Lotus Elan

Suspension Settings?

PostPost by: Lotus14S2 » Mon May 29, 2017 8:34 pm

I am asking this question as I am curious, not as any sort of criticism.

I see questions on ride height, caster, camber and toe-in.

What exactly are people doing that requires settings beyond what the factory has set the car originally.

Now, I do understand different wheels, and tires will alter some settings, but if you use the settings as given with the original wheels and tires, the adjustments should be more or less the same (i.e. a smaller diameter tire will give you a lower ride height, but the suspension geometry should be the same.).
I know that excessively wider tires, particularly if the offset is exaggerated will amplify any flaw of the geometry, but I'm assuming with most cars that the tires and wheels fall within a more normal range.
Back in the '60s thru the '80s I owned and drove a series of race cars, and setting up the suspension was a common procedure; mostly as you changed suspension joints regularly, and tuned the car dynamically on a skid pad, and track. I owned a series of small formula cars and sports racers. and had every book on the subject.
But generally if you talked to the factory they had pretty well figured out the settings and you could not go too far wrong if you followed their suggestions. If you varied from their settings it usually was not by very much, and usually had to do with a particular track, roll bar changes, or tires.
I know that many cars used in competition had to be altered to make them successful racers, this was because the cars handling was a compromise to begin with; being for the street and driven by average drivers. But, i don't think that was the case with the older Lotus cars. i think Chapman wanted the suspension set up at an optimum from the beginning. I think a good example of this, was the original Lotus Elite. I friend of mine had an Elite that he raced for many years. He had an engineering business and had his race car collection attached to his business and had full time mechanic/fabricators take care of his cars.
They decided to optimize the Elite suspension, so they fabricated all new suspension bits and had all the pickup points adjustable. With the help of a very good driver they spent weeks at a skid pad and track adjusting the suspension. When the car was fully set up they went racing and beat everyone, including some cars that you would think to be much better. They had an excellent processional driver which contributed to the success, but the car handled superbly and won many races.
Well, the organizers found out about this highly modified suspension and banned the car until the suspension was brought back to normal, as the fully adjustable suspension had not been a factory option in the homolagation papers. So they very carefully took the suspension apart and recreated the settings in non-adjustable parts. This required making a full set of new suspension pieces that looked stock, but had the optimized settings. After all this work, one of the mechanics took the old stock parts to compare them to the new. What he found was they were exactly the same, so second guessing Colin Chapman had led to nothing except a lot of money being spent.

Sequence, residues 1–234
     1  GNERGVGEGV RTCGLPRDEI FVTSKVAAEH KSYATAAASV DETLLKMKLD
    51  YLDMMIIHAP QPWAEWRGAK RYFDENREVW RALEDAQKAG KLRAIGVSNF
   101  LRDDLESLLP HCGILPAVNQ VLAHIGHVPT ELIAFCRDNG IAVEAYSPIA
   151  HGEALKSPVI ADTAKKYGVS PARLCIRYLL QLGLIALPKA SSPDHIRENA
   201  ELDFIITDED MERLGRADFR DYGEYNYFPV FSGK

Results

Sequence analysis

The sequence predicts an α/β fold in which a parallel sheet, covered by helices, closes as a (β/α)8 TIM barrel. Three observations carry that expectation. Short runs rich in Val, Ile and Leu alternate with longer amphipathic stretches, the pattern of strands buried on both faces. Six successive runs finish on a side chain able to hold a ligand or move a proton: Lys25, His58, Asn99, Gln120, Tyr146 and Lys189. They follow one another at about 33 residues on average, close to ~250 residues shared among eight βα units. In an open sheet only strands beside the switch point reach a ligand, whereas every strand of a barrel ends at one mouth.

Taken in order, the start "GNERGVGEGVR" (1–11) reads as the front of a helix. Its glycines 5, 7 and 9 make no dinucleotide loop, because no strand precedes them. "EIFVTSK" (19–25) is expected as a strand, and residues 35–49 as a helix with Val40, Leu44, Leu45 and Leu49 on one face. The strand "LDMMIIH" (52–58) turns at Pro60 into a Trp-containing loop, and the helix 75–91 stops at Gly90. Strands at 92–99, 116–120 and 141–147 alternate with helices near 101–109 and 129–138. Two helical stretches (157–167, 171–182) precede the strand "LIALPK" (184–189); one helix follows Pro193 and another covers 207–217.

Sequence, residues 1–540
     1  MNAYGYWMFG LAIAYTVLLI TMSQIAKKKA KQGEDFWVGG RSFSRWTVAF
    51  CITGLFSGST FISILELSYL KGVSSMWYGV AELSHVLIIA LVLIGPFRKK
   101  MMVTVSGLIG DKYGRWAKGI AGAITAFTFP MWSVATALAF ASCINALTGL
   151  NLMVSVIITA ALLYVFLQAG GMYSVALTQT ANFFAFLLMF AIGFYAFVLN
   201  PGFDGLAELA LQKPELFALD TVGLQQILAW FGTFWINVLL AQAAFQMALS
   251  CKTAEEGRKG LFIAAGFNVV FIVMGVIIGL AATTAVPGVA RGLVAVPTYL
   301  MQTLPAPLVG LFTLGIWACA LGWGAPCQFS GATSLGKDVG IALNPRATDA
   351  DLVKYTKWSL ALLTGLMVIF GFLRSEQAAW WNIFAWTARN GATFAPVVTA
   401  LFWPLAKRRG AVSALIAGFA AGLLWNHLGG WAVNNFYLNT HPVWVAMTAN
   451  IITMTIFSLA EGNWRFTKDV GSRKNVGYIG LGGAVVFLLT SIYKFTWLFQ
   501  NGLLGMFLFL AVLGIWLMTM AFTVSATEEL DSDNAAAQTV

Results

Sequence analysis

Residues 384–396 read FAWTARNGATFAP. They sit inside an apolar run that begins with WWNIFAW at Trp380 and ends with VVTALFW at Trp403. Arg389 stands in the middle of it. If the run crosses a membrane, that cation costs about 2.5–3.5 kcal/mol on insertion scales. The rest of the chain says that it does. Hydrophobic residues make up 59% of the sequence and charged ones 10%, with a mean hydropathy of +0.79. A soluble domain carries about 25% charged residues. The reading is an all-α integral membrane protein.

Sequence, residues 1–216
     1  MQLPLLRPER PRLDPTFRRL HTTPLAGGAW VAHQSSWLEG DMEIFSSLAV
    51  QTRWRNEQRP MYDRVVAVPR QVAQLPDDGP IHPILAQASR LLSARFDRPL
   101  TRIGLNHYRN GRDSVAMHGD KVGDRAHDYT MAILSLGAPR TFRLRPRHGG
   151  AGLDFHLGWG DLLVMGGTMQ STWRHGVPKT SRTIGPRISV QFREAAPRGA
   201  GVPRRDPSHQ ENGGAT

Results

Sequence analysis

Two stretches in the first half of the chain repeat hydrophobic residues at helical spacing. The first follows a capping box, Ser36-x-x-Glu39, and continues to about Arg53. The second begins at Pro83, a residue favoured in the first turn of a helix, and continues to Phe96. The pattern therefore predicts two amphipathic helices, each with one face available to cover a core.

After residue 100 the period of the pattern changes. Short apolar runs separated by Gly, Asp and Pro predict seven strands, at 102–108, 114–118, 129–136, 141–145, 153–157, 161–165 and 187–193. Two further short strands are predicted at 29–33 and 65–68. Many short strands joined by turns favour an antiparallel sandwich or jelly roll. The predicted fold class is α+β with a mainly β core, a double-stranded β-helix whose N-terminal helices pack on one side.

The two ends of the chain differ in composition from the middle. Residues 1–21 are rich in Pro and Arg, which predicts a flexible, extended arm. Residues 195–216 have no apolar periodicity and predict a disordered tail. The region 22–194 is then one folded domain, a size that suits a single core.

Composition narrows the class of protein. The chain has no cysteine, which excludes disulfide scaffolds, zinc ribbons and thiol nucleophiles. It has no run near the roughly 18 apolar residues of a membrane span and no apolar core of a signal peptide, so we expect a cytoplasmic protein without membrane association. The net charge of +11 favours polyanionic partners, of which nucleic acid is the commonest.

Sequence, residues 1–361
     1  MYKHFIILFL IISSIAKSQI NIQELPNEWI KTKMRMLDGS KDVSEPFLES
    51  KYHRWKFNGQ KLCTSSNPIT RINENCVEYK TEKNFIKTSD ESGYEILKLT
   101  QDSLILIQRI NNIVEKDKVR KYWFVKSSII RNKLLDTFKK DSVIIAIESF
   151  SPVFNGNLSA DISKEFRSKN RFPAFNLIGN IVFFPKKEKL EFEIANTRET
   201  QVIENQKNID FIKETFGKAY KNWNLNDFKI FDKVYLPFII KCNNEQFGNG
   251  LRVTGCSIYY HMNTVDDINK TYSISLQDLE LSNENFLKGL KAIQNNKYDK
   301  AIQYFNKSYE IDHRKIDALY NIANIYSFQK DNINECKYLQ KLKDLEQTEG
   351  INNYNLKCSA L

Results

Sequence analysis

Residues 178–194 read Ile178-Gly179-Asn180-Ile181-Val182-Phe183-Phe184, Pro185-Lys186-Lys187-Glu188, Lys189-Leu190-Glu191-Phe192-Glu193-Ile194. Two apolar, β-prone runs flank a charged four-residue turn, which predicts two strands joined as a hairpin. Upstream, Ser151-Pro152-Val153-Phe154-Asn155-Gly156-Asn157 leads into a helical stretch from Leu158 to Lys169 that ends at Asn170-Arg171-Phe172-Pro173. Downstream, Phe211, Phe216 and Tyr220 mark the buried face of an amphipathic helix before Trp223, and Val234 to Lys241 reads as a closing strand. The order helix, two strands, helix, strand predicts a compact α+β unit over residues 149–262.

Regards,
Tim
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PostPost by: Certified Lotus » Mon May 29, 2017 9:20 pm

Great story. I had heard many times that Chapman didn't want his suspension geometry messed with which is why it's non-adjustable. Just gotta have faith in his Lotus works engineering capabilities.
Glen
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PostPost by: rgh0 » Tue May 30, 2017 10:14 am

The fundamental difference that needs to be accommodated in a modern competition Elan is the increased grip of modern tyres compared to the tyres used when an Elan or 26R was originally being setup by Lotus

e.g.
Increased grip leads to increased tyre roll on the rim so additional negative camber helps compensate. The Elan needs less negative than many cars due to its lighter weight but some additional helps. My class limits maximum negative camber to two degrees to maintain original looks otherwise some cars would be run 5 degrees or more of neggy.

Increased front toe in to around the maximum specifications helps compensate for suspension deflection under heavy braking loads which are much greater with sticky tyres.

Increased roll stiffness compared to a 26R on the track and other changes are needed to stop excessive roll and weight transfer to the rear outside.

Most of these changes are subtle and within the original tolerances that Lotus had, thus I use suspension links within the original Lotus specification and achieve the small adjustments needed with a few shims and suspension lowering

cheers
Rohan
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